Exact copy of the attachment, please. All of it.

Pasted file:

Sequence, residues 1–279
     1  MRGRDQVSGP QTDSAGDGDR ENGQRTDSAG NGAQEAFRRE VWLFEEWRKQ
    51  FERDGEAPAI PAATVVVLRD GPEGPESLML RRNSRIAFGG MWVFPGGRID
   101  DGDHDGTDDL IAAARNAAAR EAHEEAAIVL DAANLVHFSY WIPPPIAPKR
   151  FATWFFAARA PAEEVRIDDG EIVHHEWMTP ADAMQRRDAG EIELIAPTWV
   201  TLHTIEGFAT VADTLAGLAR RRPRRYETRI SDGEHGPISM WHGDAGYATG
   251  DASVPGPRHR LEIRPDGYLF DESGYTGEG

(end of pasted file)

Sequence, residues 1–279
     1  MRGRDQVSGP QTDSAGDGDR ENGQRTDSAG NGAQEAFRRE VWLFEEWRKQ
    51  FERDGEAPAI PAATVVVLRD GPEGPESLML RRNSRIAFGG MWVFPGGRID
   101  DGDHDGTDDL IAAARNAAAR EAHEEAAIVL DAANLVHFSY WIPPPIAPKR
   151  FATWFFAARA PAEEVRIDDG EIVHHEWMTP ADAMQRRDAG EIELIAPTWV
   201  TLHTIEGFAT VADTLAGLAR RRPRRYETRI SDGEHGPISM WHGDAGYATG
   251  DASVPGPRHR LEIRPDGYLF DESGYTGEG